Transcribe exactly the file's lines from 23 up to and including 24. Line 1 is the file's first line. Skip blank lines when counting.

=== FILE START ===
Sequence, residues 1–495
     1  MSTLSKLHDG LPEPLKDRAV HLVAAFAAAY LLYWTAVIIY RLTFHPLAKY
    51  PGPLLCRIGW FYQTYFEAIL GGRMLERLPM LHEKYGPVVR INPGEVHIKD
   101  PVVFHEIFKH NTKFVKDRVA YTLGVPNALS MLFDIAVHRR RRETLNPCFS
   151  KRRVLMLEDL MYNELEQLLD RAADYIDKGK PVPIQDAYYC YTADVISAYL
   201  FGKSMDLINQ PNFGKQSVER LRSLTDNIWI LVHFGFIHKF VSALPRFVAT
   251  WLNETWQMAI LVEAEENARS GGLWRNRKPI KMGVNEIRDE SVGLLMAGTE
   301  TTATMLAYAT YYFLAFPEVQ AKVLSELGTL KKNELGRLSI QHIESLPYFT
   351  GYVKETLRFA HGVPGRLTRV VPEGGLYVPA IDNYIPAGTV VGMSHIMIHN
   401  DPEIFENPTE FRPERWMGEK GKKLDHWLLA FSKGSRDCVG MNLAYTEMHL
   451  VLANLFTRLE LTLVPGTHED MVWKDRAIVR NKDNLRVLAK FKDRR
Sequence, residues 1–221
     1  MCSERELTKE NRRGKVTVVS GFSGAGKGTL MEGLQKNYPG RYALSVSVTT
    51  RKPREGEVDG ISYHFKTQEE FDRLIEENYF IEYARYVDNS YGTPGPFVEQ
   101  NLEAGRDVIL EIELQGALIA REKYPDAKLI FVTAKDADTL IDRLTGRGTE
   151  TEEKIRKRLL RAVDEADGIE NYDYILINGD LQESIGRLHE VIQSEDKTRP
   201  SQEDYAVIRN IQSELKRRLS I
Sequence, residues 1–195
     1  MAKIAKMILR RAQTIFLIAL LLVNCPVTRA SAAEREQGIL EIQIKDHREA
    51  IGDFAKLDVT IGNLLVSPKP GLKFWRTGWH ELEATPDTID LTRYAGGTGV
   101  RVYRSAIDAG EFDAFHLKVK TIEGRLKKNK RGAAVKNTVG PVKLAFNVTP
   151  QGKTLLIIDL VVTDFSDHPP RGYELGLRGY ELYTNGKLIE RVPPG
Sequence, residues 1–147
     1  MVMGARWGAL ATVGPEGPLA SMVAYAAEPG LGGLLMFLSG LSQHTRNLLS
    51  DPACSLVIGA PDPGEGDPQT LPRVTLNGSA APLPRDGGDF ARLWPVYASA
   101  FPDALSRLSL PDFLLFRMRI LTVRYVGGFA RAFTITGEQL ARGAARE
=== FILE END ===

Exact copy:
Sequence, residues 1–147
     1  MVMGARWGAL ATVGPEGPLA SMVAYAAEPG LGGLLMFLSG LSQHTRNLLS